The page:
Gulf of Guinea Nations to Boost Maritime Surveillance

Thursday, November 16, 2006
The AP reported that ministers from across Africa's oil-rich Gulf of Guinea agreed at a U.S.-sponsored meeting Wednesday to establish surveillance systems to try to stamp out illegal activity in their largely unpoliced waters. Representatives from 11 agreed in a statement to start using tools such as radar and locator transponders on ships to monitor activity off their coasts. The statement was issued during a three-day meeting in Cotonou, Benin, sponsored by U.S. government agencies and military. The U.S. government has been pushing countries to increase security along the little-watched West African coast, an area of growing importance for U.S. oil interests amid volatility in the Middle East. The meeting included representatives from Angola, Benin, Cameroon, Republic of Congo, Congo, Equatorial Guinea, Gabon, Ghana, Nigeria, Togo and Sao Tome and Principe Source: AP
Maritime Reporter March 2014 Digital Edition
FREE Maritime Reporter Subscription
Latest Maritime News    rss feeds

Finance

Diamond Offshore Shares on the Rise

Diamond Offshore Drilling Inc, one of the world's top five offshore rig contractors, reported a better-than-expected quarterly profit as it cut drilling costs and hiked prices,

Ecochlor Raises $10m for BWT Maket

Ecochlor, Inc. announced that it has completed a $10 million equity financing to support its growth into the burgeoning ballast water treatment market. Since its formation in 2001,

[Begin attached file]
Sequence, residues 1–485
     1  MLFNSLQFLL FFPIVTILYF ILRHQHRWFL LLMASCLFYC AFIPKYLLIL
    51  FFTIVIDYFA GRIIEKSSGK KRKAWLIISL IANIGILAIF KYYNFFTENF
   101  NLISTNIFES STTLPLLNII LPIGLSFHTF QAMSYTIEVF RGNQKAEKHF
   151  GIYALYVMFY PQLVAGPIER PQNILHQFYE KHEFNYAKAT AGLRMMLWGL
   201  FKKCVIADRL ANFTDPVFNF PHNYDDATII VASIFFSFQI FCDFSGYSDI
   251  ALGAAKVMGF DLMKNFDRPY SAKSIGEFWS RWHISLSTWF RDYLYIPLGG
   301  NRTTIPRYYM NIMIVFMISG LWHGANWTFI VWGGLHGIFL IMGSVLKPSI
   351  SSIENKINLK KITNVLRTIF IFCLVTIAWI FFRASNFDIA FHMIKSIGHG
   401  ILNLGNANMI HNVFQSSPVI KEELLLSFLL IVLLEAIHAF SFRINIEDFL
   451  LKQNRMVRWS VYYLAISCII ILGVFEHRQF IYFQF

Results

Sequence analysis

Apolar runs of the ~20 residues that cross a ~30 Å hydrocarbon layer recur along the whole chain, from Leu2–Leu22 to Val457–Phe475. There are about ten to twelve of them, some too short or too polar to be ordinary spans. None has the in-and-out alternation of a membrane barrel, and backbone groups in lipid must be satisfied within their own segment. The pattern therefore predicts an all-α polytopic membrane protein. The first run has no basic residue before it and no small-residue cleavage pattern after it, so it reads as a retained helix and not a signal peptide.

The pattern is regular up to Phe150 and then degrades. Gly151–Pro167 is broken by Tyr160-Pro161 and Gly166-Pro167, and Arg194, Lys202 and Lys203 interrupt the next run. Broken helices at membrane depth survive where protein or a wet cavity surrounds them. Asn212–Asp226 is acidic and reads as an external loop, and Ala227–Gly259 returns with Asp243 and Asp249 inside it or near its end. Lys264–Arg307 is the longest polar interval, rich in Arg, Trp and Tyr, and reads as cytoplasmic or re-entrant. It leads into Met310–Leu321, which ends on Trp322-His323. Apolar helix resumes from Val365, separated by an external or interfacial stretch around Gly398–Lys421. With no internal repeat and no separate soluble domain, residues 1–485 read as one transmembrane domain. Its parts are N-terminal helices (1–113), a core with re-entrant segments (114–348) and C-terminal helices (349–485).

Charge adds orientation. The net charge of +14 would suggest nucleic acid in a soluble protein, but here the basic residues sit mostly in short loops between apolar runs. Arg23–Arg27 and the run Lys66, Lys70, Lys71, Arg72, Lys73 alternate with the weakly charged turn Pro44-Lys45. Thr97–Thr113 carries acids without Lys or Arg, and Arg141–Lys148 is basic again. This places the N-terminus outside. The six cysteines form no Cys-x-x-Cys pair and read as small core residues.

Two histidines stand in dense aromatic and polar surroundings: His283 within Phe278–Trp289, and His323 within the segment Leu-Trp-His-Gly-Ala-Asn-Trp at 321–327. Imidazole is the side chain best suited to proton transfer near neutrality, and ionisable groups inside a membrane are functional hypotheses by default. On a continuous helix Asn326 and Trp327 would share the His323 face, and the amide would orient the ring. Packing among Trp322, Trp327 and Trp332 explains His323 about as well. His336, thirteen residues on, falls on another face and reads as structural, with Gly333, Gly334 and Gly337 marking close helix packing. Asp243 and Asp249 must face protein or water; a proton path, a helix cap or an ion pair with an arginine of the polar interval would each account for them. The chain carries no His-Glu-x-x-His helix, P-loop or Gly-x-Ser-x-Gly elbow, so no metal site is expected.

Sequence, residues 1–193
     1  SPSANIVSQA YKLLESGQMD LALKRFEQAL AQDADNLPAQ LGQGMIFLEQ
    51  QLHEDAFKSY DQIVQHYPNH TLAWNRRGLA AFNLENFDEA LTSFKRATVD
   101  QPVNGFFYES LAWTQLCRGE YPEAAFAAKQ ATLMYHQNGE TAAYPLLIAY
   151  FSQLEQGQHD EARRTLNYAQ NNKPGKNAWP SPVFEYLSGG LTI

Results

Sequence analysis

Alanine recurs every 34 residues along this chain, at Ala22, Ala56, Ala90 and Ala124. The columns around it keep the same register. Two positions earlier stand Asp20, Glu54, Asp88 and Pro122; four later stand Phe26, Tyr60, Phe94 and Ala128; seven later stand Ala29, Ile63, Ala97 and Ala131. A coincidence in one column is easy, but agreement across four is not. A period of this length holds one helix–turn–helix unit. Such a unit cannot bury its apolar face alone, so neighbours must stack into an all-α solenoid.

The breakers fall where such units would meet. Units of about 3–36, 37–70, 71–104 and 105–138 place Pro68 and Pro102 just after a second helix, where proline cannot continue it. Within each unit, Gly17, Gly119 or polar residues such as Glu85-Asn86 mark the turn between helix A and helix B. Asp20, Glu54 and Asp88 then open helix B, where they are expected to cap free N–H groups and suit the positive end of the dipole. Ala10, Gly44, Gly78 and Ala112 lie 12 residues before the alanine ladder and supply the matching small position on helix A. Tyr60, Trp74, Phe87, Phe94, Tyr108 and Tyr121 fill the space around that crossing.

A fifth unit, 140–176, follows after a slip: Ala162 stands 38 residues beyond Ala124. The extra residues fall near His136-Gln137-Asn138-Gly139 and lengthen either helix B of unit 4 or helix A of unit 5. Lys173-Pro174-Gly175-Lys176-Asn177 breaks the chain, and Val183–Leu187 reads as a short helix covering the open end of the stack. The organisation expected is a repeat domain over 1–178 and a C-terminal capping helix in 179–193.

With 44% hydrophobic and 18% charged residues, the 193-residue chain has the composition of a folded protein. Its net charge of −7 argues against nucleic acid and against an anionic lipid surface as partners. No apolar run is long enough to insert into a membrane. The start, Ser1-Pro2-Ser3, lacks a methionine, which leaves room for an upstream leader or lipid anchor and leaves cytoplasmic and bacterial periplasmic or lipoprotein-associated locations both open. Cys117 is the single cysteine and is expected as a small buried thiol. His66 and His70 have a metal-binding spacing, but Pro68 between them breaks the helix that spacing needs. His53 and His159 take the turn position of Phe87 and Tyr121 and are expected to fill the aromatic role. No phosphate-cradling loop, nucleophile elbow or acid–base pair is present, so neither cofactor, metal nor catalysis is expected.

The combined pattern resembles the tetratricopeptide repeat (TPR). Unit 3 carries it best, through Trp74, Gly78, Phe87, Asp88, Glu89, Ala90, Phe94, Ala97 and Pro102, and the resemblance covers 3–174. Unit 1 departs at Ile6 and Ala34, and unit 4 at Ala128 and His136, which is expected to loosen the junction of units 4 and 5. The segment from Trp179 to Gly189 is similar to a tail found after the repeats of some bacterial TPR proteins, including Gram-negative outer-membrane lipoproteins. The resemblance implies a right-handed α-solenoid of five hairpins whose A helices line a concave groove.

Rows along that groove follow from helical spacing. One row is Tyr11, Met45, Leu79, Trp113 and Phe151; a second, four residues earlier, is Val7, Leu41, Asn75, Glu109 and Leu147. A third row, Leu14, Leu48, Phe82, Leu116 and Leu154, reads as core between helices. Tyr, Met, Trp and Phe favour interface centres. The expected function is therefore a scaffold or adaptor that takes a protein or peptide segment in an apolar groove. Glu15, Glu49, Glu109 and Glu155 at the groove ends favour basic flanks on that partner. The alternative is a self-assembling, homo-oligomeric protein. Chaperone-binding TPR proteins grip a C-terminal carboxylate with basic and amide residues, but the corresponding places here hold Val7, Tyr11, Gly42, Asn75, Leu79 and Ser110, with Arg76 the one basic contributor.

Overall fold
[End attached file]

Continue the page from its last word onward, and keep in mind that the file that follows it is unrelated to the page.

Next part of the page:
Offshore O&G: Cuts, Delays in Norway as Costs Soar

More oil and gas projects in Norway could be put on hold because of rising costs, adding to a growing list of developments that have been delayed or called off,

Maritime Security

IMB: Piracy Falls to Lowest Level since 2007

The International Chamber of Commerce’s International Maritime Bureau (IMB) has revealed that piracy on the world’s seas is at its lowest first-quarter level since 2007,

Court: Japan's Mitsui Paid to Release Ship

China Supreme Court says Mitsui pays about $29 mln; Ship released about 0030 GMT Thursday. Ship was seized over dispute dating back to 1930s. Advisor to plaintiffs says will likely demand more money.

Global Shipping Exposed to Cyber Threats

The next hacker playground: the open seas - and the oil tankers and container vessels that ship 90 percent of the goods moved around the planet. In this internet age,

 
 
Maritime Contracts Naval Architecture Navigation Pipelines Pod Propulsion Salvage Ship Electronics Ship Simulators Shipbuilding / Vessel Construction Sonar
rss | archive | history | articles | privacy | contributors | top maritime news | about us | copyright | maritime magazines
maritime security news | shipbuilding news | maritime industry | shipping news | maritime reporting | workboats news | ship design | maritime business

Time taken: 0.0768 sec (13 req/sec)